- very low profile, thin
- small sheath
- doesn't print on my shirt
- very sharp blade with a nice shape for EDC cutting tasks
- very short knife that is still very functional (very short handle)
- very light, doesn't bother me to carry (only 1.5 oz!)
- the carry cord was tied in a neat way (never seen before), allowing for easy adjustment of knife height
- excellent jimping on the back of the blade
- The sheath retention. It's a foldover kydex which should be ideal but it is very poorly made and the retention is not enough for long-term use. One sheath isn't bad, the other sheath is barely hanging on and the knife is retained by a small lip on the inside of the sheath - not good, I will need something better for extended use.
- The handle is very functional but I don't find it very comfortable. The bulges at the front and the back of the bottom part of the handle tend to dig into my fingers, would be uncomfortable if I was using the knife for an extended period of time.
- As it is a skeletonized metal blade, the knife handle is slippery. The jimping and the finger choil make the knife very secure but to add more grip and to add just a little more cushioning, I wrapped the handle with some camoform tape. Not too much or it would get too bulky.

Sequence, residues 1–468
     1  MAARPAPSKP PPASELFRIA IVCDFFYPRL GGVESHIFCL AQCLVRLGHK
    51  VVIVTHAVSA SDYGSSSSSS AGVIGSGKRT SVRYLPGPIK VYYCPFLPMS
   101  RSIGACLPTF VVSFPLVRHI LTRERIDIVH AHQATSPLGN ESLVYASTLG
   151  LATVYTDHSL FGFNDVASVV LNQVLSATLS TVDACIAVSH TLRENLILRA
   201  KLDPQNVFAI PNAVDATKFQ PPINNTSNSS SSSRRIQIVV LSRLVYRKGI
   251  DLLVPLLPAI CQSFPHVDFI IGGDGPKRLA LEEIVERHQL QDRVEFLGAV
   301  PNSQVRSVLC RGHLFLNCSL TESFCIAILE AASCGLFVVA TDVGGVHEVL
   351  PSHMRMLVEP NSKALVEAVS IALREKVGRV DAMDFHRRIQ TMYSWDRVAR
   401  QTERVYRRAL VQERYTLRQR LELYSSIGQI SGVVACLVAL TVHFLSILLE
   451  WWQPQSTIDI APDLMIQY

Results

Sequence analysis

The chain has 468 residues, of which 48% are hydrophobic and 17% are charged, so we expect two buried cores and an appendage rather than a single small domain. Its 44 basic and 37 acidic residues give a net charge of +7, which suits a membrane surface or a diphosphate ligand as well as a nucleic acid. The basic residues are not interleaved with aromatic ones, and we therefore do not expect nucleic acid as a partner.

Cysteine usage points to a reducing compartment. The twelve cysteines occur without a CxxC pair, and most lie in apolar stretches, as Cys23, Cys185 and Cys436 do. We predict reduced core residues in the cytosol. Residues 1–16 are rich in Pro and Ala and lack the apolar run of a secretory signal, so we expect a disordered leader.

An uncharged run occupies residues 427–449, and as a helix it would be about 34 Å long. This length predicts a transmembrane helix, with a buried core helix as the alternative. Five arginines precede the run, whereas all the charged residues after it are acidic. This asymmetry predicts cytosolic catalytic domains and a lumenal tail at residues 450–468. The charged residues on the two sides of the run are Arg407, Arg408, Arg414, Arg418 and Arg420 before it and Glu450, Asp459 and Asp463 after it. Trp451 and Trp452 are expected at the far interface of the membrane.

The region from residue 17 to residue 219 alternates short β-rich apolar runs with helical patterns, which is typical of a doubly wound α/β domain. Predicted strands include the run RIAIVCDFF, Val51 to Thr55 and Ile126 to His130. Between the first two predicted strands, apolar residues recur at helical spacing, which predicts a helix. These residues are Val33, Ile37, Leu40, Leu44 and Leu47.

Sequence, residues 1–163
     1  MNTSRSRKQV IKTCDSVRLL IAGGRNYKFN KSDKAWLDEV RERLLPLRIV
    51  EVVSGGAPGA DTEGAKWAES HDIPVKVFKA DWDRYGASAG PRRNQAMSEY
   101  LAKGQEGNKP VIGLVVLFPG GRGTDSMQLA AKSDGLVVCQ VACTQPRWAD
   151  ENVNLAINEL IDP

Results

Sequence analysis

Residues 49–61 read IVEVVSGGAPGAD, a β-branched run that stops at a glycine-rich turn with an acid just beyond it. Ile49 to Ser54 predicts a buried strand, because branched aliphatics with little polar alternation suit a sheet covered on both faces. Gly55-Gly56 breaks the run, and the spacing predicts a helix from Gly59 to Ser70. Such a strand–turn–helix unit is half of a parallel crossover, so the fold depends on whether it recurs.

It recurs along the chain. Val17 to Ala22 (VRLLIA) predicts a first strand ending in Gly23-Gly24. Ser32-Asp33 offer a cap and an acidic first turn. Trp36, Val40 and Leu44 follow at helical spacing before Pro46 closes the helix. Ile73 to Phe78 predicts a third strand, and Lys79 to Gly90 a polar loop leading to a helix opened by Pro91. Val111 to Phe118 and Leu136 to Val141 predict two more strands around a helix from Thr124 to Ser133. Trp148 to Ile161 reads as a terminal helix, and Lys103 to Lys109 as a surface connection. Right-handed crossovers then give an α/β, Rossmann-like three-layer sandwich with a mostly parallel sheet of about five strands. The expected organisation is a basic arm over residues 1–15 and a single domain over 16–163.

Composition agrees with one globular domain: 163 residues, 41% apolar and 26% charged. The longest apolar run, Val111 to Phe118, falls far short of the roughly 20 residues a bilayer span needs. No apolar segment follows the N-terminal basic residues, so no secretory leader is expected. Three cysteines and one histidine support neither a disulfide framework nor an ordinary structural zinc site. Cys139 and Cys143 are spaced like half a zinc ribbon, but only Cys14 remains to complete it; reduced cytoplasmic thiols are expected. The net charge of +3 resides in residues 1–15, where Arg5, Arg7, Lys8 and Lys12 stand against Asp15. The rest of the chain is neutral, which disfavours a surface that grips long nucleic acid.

Obviously this isn't a replacement for my F1, it's more of an EDC blade than a survival blade, but I've got enough blade here to be useful, the security of always having a knife, and the strength of a fixed blade that exceeds that of even a large folder.
I really love this knife. The only other small fixed blade knife I have owned that I found at all useful is the excellent CRKT minimalist. They have three blade shapes, I prefer the bowie though the tanto is OK. I've never tried the other. That is an awesome little knife with an incredibly safe and comfortable handle, smaller than the Perrin, with an excellent sheath. The handle scales unfortunately add enough bulk that the knife tends to print a little so I had been periodically carrying it on my belt, in the front, very handy knife. It's also much cheaper, you can probably find it for around $20. Some of you may find it an even better choice as a neck knife.
I've also finally ordered an ESEE Izula to try. I don't think I am going to replace the Perrin but I'm going to give this one a shot too, it may also be another, lighter, more low-profile belt carry option. I'll update you once I get it.
Knife description from www.boker.de/us:
Fixed blade knife by Fred Perrin. This small and handy knife made of 12C27 blade steel offers, despite its extremely compact dimensions, great versatility for an everyday knife. The Neck Bowie was developed as an EDC knife, covering all cutting tasks which might occur in any situation. The Perrin characteristic deep index finger choil provides excellent grip and a very secure feeling. Includes a kydex neck sheath . Blade length: 2 1/2". Overall length: 5 7/8". Weight: 1.5 oz.
Update April 09, 2012: A video comparison is available for this knife. I also did a blog post discussing some other options.